Rugby woes: things look black in All Black land after loss

·4-min read

WELLINGTON, New Zealand (AP) — A nagging fear that has settled in the back of the minds of New Zealand rugby fans in recent years blossomed Saturday into a stark and unavoidable realization: The All Blacks no longer are the best team in the world and may not be again, for a while at least.

Ireland’s 23-12 win over New Zealand in the second test on Saturday which has sent the three-match series to a decider was historic but not unexpected.

If there had been a canary in the gold mine, warning of the insidious forces behind the All Blacks’ recent decline it has been Ireland. The Irish hadn’t beaten New Zealand in 113 years until they did so for the first time in 2016.

They now have won four of the last seven tests between the teams, at venues as diverse as Chicago, Dublin and Dunedin where they achieved their first-ever win over the All Blacks in New Zealand on Saturday.

All Blacks fans were shaken not just by the fact but the manner of the defeat. Ireland controlled the game from the start, keeping the All Blacks under pressure, forcing them into mistakes. At any point in the match, New Zealand was barely hanging on especially when it was reduced to 13 men twice during the first half, to 14 for all of the second spell.

Lack of discipline was the most obvious of many failings in the All Blacks’ performance and they now head to Wellington for Saturday’s deciding test under unprecedented pressure. A confident Ireland team which, having achieved an historic test victory, now has set its sights on an even more momentous series win.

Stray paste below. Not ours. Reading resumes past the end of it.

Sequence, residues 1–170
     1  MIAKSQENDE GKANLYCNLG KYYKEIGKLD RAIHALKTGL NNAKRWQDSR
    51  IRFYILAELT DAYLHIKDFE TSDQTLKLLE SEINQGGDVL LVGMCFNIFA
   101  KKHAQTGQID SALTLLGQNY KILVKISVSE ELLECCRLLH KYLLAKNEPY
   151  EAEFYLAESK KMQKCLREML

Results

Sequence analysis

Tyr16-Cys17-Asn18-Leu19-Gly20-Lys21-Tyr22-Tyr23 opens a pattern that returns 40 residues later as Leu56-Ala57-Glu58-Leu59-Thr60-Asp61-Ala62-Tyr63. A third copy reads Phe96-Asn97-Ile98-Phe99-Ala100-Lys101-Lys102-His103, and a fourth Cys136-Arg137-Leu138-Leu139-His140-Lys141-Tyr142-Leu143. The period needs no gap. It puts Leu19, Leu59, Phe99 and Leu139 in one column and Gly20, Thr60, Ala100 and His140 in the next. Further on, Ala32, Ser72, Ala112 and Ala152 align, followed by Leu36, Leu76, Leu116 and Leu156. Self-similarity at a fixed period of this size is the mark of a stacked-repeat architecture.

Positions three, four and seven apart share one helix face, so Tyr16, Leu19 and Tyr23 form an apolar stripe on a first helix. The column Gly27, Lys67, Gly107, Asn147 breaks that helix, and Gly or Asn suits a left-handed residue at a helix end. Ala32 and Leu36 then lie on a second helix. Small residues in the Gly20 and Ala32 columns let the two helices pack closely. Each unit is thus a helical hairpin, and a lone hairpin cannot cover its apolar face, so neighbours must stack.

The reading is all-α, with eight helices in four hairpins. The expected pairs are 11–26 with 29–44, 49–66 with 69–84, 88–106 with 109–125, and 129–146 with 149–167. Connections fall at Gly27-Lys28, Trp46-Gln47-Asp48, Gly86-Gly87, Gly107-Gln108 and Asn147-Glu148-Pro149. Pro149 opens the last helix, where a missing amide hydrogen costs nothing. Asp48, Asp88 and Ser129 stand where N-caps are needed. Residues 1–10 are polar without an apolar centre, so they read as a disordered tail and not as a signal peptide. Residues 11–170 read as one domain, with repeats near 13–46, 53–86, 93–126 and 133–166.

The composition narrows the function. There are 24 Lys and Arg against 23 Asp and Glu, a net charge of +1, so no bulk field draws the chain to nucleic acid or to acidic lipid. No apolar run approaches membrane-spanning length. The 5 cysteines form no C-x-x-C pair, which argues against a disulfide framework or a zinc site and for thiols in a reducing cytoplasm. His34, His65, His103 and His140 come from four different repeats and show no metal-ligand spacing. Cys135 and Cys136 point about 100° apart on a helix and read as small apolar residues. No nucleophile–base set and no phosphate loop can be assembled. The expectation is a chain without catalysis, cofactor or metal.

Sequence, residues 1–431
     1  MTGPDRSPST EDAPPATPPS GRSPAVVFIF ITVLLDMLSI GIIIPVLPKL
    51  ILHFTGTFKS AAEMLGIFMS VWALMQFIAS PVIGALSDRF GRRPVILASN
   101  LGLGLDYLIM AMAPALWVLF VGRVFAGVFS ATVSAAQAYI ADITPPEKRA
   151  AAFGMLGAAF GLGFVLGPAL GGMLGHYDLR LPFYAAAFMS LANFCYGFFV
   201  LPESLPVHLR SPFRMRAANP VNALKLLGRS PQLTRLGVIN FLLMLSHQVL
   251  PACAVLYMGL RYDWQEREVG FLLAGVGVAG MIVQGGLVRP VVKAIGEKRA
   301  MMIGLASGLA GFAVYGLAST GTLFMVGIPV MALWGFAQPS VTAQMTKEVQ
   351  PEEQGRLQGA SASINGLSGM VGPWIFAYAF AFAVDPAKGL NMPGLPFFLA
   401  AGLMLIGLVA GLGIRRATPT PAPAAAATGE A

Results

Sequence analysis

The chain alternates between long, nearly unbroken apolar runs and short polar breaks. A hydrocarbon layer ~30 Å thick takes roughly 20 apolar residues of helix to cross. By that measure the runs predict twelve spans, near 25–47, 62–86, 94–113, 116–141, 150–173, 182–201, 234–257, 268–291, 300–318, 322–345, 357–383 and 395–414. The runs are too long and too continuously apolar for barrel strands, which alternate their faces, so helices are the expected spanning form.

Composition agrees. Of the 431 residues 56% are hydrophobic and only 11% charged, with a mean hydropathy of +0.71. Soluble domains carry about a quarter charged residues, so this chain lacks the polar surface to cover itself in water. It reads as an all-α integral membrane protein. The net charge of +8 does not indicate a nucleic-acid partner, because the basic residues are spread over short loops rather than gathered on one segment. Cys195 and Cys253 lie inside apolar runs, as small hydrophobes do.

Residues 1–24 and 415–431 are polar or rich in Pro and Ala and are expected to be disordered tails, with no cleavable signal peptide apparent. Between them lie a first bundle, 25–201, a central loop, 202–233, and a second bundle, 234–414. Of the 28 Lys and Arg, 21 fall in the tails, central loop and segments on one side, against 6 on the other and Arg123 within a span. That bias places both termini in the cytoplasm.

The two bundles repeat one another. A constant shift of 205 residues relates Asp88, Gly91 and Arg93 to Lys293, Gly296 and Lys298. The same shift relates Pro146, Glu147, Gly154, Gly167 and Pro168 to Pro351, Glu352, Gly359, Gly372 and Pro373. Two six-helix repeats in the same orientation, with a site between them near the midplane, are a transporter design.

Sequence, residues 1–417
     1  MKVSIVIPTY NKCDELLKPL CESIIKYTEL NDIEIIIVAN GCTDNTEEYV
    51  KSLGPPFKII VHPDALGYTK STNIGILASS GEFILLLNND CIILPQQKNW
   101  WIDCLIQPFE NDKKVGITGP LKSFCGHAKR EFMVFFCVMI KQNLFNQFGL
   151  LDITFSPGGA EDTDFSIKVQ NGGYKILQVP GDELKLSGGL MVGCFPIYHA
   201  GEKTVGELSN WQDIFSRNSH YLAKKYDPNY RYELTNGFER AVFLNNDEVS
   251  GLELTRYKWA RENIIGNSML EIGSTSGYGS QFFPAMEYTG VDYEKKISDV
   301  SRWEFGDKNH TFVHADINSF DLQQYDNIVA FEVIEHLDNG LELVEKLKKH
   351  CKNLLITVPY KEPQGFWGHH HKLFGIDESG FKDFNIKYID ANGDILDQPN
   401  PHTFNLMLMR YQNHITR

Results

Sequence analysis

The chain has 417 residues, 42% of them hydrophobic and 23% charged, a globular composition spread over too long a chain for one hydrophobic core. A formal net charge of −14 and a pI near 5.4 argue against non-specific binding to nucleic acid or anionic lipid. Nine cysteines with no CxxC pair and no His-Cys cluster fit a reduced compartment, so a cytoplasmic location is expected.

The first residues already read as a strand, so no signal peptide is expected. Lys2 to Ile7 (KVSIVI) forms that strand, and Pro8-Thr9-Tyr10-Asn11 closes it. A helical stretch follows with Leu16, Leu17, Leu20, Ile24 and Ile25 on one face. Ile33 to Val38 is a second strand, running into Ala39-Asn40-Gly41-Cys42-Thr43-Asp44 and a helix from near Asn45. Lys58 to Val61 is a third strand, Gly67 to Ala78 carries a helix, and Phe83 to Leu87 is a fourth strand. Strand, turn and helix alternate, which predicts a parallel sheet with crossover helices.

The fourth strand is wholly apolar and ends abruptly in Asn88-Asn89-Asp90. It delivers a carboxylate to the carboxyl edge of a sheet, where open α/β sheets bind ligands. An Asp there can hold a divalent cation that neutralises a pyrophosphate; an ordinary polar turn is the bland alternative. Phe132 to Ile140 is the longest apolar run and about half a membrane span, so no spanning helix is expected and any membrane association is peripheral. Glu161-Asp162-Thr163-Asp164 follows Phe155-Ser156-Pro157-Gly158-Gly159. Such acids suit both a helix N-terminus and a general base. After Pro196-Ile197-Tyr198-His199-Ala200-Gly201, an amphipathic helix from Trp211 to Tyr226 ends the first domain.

The ramifications of the All Blacks’ loss have been immediate. When new world rankings are released this week, New Zealand is expected to drop to fourth place, matching its lowest-ever ranking.

To some degree the ranking may even be generous. The All Blacks recently have lost to England, South Africa, France and Ireland, suggesting that on disclosed form they are possibly only the fifth-best team in the world.

The social media reaction of New Zealand fans also was typically harsh: All Blacks fans seldom accept any defeat with equanimity.

Many fans called for the sacking of head coach Ian Foster whose popularity even before Saturday’s match was low. Others called for captain Sam Cane to go. Fans separately called the All Blacks performance awful, painful, tragic, a shambles and a farce.

Foster, at his most somber during a post-game news conference, matched that mood and called the performance “unacceptable” and “sub-standard.”

In the week leading up to the final test, Foster said “we’ve just got to trust ourselves and trust what we do and ultimately back your own skill level. That’s something we’ve got to go away and work hard on.”

If New Zealand loses again next weekend, the odds that Foster will lead the All Blacks to next year’s World Cup in France will shrink substantially.

The cause of the All Blacks’ recent poor form is hard to define. Northern hemisphere teams unquestionably have improved, often under the guidance of New Zealand coaches who were unable to find positions in their own country.

England, Scotland, Wales and Ireland all won tests against southern hemisphere opponents on Saturday to send their series to deciding matches.

One important factor is that the standard of Super Rugby — the southern hemisphere's main professional competition — has fallen, especially since South African teams quit the competition to play in the northern hemisphere. The tournament no longer serves its purpose of developing players of test caliber.

At the same time, New Zealand Rugby has been distracted from the deterioration in the standard of the domestic game while pursuing a deal with the California-based tech investor Silver Lake which it regards as essential to ensure the financial health of rugby in New Zealand.

With Australia now poised to quit Super Rugby in 2024, a decisive move is needed to create a new competition which can underpin the strength of future All Blacks teams.


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